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Radiation-Free System Helps Diagnose Scoliosis

By HospiMedica International staff writers
Posted on 09 Jun 2015
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Image: The Scolioscan ultrasound scoliosis assessment system (Photo courtesy Hong Kong Polytechnic University).
Image: The Scolioscan ultrasound scoliosis assessment system (Photo courtesy Hong Kong Polytechnic University).
Novel ultrasound technology captures the spine's three-dimensional (3D) profile using bony landmarks, enabling safer and more frequent screenings for scoliosis.

Developed by researchers at Hong Kong Polytechnic University University (PolyU; Hong Kong), the Scolioscan device uses ultrasound to assess a patient's spine in the standing posture and generate coronal images of spinal curvature, which can then be measured to determine the severity of the scoliosis (as determined by spinal rotation and deformity along different planes). The device is radiation-free and enables safer screening whenever needed, thus avoiding the health risks posed by radiation exposure, particularly in young patients.

The examination process takes about one minute to generate an ultrasound B-scan 3D image. This allows healthcare workers to detect adolescent idiopathic scoliosis (AIS) at an early stage, or avoid unnecessary treatments for patients with stable spinal angles. It also allows close follow-up and monitoring on the progress of spinal bracing or other treatments for AIS. The product has been commercialized by Telefield Medical Imaging (Hong Kong).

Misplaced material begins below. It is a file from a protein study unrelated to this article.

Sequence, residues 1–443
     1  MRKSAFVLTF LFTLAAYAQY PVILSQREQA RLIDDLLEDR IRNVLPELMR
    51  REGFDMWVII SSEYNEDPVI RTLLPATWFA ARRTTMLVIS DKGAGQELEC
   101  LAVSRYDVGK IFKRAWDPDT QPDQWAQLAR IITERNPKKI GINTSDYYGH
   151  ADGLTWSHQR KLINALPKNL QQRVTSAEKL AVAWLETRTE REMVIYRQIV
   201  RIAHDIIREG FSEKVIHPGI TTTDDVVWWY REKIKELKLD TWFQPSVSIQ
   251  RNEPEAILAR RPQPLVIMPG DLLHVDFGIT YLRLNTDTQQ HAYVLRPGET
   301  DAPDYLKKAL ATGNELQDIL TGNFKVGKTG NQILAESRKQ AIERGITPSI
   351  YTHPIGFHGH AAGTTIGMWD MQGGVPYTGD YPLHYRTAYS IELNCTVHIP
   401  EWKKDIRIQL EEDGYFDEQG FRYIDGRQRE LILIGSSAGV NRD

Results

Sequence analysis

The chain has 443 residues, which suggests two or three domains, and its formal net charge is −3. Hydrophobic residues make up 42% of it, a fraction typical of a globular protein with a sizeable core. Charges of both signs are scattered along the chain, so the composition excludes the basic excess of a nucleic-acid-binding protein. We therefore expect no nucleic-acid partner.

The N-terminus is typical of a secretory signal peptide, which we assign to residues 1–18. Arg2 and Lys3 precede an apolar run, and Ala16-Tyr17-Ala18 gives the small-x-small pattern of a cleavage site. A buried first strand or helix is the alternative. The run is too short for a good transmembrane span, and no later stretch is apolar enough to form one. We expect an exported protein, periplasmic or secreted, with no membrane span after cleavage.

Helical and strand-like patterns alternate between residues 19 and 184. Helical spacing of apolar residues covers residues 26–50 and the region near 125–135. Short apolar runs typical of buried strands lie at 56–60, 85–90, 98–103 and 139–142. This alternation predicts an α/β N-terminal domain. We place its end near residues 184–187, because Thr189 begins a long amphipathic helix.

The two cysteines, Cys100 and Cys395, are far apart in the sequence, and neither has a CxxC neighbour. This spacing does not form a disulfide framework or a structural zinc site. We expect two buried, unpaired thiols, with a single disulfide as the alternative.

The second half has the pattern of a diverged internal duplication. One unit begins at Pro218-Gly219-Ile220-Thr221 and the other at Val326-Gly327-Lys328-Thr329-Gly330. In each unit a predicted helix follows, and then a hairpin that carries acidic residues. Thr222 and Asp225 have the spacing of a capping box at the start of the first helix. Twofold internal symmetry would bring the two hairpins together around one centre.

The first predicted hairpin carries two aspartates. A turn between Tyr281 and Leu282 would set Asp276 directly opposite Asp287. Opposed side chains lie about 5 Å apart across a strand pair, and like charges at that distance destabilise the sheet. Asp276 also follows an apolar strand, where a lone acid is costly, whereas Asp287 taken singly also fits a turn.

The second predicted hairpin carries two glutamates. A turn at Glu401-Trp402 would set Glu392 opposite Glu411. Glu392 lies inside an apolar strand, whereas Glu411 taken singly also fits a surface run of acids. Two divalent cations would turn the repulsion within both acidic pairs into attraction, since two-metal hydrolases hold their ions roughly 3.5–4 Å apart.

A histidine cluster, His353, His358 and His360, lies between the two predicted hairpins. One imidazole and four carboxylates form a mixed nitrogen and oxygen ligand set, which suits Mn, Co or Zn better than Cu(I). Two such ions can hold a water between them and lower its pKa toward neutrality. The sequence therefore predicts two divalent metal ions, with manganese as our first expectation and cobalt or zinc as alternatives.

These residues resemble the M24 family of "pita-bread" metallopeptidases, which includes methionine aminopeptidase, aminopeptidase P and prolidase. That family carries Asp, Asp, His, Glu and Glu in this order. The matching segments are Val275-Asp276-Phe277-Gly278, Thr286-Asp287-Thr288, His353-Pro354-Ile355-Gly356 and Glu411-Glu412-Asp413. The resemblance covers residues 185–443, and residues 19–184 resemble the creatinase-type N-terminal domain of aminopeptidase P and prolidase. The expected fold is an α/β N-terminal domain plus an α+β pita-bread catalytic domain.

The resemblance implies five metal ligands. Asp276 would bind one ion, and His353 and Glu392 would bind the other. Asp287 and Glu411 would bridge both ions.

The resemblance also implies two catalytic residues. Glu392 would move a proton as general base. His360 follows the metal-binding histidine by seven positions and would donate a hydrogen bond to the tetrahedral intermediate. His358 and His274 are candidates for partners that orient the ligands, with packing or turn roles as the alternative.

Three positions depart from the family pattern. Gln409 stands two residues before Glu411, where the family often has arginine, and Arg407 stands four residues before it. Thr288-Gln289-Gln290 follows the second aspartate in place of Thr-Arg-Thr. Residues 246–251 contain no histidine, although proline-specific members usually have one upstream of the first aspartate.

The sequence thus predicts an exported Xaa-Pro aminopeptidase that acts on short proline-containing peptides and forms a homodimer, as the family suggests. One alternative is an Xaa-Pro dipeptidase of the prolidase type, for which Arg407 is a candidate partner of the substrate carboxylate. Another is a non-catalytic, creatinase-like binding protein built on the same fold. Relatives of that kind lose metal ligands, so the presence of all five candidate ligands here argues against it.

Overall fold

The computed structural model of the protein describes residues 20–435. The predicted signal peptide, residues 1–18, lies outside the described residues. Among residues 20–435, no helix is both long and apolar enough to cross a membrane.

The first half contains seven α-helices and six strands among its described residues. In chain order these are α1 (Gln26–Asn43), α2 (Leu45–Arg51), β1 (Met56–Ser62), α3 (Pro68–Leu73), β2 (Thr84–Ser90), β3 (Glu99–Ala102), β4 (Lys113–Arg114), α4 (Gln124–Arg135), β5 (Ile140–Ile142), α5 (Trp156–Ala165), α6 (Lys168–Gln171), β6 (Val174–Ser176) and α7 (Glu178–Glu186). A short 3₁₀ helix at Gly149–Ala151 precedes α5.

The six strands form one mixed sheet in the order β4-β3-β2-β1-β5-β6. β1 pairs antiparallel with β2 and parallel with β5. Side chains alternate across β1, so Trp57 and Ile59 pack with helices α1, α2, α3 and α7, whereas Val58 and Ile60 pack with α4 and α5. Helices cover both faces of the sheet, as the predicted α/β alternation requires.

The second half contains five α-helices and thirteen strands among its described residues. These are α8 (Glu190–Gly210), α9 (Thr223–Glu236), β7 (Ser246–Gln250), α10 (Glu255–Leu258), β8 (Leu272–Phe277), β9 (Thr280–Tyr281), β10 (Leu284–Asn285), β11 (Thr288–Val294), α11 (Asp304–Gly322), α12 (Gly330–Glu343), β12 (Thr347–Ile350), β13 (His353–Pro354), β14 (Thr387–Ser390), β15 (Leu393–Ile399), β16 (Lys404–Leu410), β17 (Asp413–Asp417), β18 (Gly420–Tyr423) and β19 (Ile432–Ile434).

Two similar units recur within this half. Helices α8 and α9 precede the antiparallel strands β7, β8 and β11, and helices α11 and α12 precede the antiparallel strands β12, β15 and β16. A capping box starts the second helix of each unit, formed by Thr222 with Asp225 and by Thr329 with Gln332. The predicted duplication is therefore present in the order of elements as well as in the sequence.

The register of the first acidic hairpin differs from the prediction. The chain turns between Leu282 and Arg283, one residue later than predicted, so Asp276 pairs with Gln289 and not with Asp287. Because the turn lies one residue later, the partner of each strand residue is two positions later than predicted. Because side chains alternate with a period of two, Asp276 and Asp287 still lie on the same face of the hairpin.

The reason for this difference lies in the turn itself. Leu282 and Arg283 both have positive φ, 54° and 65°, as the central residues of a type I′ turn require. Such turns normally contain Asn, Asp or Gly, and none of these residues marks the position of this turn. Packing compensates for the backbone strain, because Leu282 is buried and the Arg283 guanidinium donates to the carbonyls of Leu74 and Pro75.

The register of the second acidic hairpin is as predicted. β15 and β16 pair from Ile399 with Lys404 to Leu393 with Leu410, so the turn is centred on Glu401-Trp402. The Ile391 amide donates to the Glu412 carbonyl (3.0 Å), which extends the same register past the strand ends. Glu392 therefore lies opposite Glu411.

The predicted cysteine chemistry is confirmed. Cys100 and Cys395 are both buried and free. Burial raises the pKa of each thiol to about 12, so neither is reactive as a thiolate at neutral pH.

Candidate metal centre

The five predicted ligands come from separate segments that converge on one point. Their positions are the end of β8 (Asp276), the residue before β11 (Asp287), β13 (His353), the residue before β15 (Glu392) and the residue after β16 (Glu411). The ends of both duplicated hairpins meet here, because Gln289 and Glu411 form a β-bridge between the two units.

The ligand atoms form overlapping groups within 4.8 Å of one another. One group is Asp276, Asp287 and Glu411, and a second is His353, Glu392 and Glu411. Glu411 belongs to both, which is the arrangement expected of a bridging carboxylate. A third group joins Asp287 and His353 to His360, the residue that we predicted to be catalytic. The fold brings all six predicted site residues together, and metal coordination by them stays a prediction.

“The current verification standard is based on the Cobb's angle method, used to measure spinal deformity, but it does not always represent the true value of spinal curvature,” said Prof. Yongping Zheng, PhD, MEng. “The values of spinal curvature produced by Cobb's angle can vary by up to seven degrees. Therefore, further research is needed to find a better way to verify the angles measured by the Scolioscan or ultimately establish its own standard.”

Scoliosis is a medical condition in which a person's spine is curved from side to side. Although it is a complex 3D deformity, on an X-ray, viewed from the rear, the spine of an individual with scoliosis may look more like an "S" or a "C" than a straight line. Scoliosis is typically classified as congenital, idiopathic, or neuromuscular, when it has developed as a secondary symptom of another condition, such as spina bifida, cerebral palsy, spinal muscular atrophy, or physical trauma.

Related Links:

Hong Kong Polytechnic University University
Telefield Medical Imaging



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